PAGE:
Discussing her accomplishments, Eagan says she is most proud of HART’s improved ridership, which has seen a 20% expansion in the past five years.

Discussing her accomplishments, Eagan says she is most proud of HART’s improved ridership, which has seen a 20% expansion in the past five years.

Kath  arine Eagan was born at the U.S. Air Force Academy in Colorado Springs, Colo. And, like most military kids, her childhood was spent moving around a lot. Her family eventually moved back, so when it was time to attend college, she went to the University of Colorado in Colorado Springs. After earning her bachelor’s degree in history, Eagan went to graduate school  via a scholarship at Angelo State University in Angelo, Texas for her master’s in public administration.

She was first intrigued by public administration as an undergrad when she took a political science class. Eagan saw it as making an investment in the common good. “[I wanted to] do something to make our communities better. I felt really strongly about that,” she says.

After college, she worked for the City of San Angelo as a transit planner where she was charged with planning fixed-route services and administering all aspects of ADA compliance for the city’s paratransit service. During this time, she attended a training class in Dallas, which opened her eyes to the vastness of its public transit agency — Dallas Area Rapid Transit (DART). “It was a little intimidating, but then I listened to the people in the class and [realized] they have the same issues we do,” Eagan says.  

The class proved advantageous, as it led her to take a position at DART as manager of service planning, where she directed service changes and route elevation for 130 routes and managed planning projects for the paratransit service. “It was gratifying to figure out how to get people around in a land of sprawl and make their lives a little bit better,” she says.

After DART, Eagan joined the Maryland Transit Administration as director of service development for two years. In 2009, she came onboard at HART as chief of service development where she directed service planning and scheduling, as well as marketing and community relations. During those years she helped build ridership, implement unique and targeted marketing promotions, and promote strategic route planning.   

She worked her way up to COO in 2011 to interim CEO in May 2014 and was made permanent CEO in November of that year. Eagan says the transition from COO to CEO has been good because in the six years she’s been in Tampa she’s been able to build relationships with many people in various capacities in the community. Her background in planning and scheduling has also been invaluable in her new role.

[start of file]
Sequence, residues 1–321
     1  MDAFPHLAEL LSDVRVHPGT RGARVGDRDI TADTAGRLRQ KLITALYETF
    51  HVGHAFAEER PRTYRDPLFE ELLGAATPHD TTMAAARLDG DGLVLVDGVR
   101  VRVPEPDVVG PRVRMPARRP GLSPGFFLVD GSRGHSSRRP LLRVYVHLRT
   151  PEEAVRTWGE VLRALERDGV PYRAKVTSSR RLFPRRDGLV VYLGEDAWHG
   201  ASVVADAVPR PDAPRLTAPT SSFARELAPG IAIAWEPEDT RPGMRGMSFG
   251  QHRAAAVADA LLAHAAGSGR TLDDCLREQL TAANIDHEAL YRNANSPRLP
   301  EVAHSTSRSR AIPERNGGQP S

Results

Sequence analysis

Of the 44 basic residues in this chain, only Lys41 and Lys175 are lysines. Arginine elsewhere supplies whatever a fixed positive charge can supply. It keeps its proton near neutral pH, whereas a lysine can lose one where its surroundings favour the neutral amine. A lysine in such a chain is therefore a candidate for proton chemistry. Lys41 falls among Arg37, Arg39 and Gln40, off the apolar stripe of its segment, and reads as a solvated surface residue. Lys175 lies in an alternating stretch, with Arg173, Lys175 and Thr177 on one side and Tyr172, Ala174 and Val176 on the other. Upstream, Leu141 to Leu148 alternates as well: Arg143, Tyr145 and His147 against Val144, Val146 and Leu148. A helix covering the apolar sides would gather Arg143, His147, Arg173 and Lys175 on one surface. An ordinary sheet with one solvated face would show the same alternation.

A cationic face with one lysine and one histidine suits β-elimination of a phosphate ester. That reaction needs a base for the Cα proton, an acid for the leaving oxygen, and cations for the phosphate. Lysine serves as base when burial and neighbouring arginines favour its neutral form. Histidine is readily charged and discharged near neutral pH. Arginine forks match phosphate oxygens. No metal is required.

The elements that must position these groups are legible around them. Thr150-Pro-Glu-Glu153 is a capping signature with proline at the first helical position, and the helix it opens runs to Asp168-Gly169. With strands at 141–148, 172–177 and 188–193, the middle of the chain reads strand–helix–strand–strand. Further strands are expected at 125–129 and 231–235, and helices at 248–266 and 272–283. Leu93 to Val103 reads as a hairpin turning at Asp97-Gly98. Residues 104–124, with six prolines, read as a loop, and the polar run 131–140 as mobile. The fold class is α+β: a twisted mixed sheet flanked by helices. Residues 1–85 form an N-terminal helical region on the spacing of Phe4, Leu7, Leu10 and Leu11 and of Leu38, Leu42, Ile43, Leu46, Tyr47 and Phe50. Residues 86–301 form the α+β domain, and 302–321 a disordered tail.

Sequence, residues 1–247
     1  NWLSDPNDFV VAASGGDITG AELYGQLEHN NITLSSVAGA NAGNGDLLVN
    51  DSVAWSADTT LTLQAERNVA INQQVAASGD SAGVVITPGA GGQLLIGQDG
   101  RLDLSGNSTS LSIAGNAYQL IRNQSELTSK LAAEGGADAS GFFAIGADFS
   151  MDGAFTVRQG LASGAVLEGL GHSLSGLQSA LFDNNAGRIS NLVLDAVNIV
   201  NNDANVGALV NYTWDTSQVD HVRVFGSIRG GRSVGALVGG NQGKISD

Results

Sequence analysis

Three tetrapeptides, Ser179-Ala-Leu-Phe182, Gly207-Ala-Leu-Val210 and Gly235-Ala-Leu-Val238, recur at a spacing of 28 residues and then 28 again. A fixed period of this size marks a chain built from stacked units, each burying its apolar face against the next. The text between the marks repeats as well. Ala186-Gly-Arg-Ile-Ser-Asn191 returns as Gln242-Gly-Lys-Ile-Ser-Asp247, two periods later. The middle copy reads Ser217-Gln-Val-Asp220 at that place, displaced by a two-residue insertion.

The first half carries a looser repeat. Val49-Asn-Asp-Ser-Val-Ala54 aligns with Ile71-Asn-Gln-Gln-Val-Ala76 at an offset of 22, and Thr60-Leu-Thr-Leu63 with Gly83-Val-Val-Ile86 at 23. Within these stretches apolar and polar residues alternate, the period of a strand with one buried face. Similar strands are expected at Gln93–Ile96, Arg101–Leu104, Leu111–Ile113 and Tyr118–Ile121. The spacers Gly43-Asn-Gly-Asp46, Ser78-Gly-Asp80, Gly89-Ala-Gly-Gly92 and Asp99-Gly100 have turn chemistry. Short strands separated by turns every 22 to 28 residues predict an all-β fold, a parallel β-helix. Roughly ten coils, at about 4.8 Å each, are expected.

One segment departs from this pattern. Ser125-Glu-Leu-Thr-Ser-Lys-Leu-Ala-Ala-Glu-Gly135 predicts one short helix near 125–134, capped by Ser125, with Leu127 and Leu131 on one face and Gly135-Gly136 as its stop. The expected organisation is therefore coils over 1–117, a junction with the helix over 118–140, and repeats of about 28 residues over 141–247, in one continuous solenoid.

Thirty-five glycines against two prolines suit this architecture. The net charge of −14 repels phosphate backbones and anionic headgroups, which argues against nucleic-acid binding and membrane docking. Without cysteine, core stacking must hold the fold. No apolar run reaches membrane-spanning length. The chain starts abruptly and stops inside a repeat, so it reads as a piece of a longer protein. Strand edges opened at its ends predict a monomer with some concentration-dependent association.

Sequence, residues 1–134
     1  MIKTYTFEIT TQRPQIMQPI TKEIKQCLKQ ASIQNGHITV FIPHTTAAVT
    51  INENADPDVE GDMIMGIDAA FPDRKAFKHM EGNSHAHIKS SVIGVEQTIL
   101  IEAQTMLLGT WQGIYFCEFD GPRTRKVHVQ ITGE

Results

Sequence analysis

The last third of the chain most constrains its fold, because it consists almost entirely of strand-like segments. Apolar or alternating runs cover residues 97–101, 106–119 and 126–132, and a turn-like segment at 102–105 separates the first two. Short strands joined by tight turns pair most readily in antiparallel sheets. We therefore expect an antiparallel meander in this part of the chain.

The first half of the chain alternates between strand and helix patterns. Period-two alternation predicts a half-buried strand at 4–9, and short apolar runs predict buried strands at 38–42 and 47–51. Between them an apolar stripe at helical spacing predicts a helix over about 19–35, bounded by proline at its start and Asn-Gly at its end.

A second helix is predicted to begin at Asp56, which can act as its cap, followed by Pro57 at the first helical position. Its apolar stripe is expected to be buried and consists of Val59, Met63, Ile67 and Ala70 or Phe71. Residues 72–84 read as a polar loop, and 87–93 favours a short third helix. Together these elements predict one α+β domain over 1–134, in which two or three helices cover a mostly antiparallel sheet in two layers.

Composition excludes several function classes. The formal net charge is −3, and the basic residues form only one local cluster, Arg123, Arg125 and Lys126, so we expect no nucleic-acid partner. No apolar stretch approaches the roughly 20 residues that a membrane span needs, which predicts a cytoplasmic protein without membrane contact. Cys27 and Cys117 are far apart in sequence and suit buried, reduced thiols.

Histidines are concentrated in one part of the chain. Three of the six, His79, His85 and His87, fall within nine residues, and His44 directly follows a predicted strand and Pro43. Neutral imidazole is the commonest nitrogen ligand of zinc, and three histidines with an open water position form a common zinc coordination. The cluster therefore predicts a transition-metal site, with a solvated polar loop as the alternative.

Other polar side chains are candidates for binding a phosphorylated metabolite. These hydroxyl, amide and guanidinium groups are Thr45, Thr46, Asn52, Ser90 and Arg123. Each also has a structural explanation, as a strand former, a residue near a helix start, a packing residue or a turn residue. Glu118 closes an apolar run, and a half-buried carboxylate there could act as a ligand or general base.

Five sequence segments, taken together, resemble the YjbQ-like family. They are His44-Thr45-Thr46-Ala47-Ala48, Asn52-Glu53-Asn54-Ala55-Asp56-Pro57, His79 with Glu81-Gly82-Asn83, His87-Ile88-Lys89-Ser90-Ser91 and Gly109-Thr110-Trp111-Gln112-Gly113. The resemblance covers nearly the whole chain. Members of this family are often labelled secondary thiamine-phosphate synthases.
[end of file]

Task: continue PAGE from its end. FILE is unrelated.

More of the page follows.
Discussing her accomplishments, Eagan says she is most proud of HART’s improved ridership. “We’ve seen a 20% expansion in ridership in the past five years, with about five percent expansion in revenue miles covered,” she explains.

Additionally, HART is the first agency in Florida to operate CNG buses. “It took the entire agency coming together,” she says of the undertaking. The agency is also in the midst of pursuing an ISO-14001 certification via the FTA’s Environmental & Sustainability Management System (ESMS) program. Other federal merits include being awarded the Transportation Safety Administration’s Gold Safety Award two cycles in a row. And, to top it all off, Eagan was recently nominated as a White House Champion of Change. “It’s been great for us as an agency, because we’ve been getting all this attention,” she says of the honor.

Some of the numerous projects currently in the works include a solicitation to hire cab companies that will use vouchers for paratransit service and soliciting a ride-sharing-type service to serve as a first-mile/last-mile solution. The agency is also working on a regional farebox initiative and has partnered with Megabus to allow customers to tap the service’s excess capacity.

Adding to her already lofty resume, Eagan is also the mother of two boys aged three and 21 months. She tries to make time to “unplug” her brain by reading fiction and spending time outdoors doing family activities, and says laughingly, that someday she’ll get back to cooking.